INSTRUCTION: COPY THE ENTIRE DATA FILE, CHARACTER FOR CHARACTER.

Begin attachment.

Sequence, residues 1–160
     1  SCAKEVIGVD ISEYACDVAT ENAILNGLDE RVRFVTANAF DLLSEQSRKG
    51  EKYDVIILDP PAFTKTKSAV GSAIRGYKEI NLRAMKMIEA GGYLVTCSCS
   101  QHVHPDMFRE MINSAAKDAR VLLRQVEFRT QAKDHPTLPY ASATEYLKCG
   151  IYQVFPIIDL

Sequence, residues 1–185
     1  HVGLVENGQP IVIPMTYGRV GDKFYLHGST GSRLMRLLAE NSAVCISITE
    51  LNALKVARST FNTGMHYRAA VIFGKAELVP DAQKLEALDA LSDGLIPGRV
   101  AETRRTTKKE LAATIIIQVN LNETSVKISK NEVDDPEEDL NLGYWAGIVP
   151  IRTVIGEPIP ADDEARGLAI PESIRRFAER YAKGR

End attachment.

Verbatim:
Sequence, residues 1–160
     1  SCAKEVIGVD ISEYACDVAT ENAILNGLDE RVRFVTANAF DLLSEQSRKG
    51  EKYDVIILDP PAFTKTKSAV GSAIRGYKEI NLRAMKMIEA GGYLVTCSCS
   101  QHVHPDMFRE MINSAAKDAR VLLRQVEFRT QAKDHPTLPY ASATEYLKCG
   151  IYQVFPIIDL

Sequence, residues 1–185
     1  HVGLVENGQP IVIPMTYGRV GDKFYLHGST GSRLMRLLAE NSAVCISITE
    51  LNALKVARST FNTGMHYRAA VIFGKAELVP DAQKLEALDA LSDGLIPGRV
   101  AETRRTTKKE LAATIIIQVN LNETSVKISK NEVDDPEEDL NLGYWAGIVP
   151  IRTVIGEPIP ADDEARGLAI PESIRRFAER YAKGR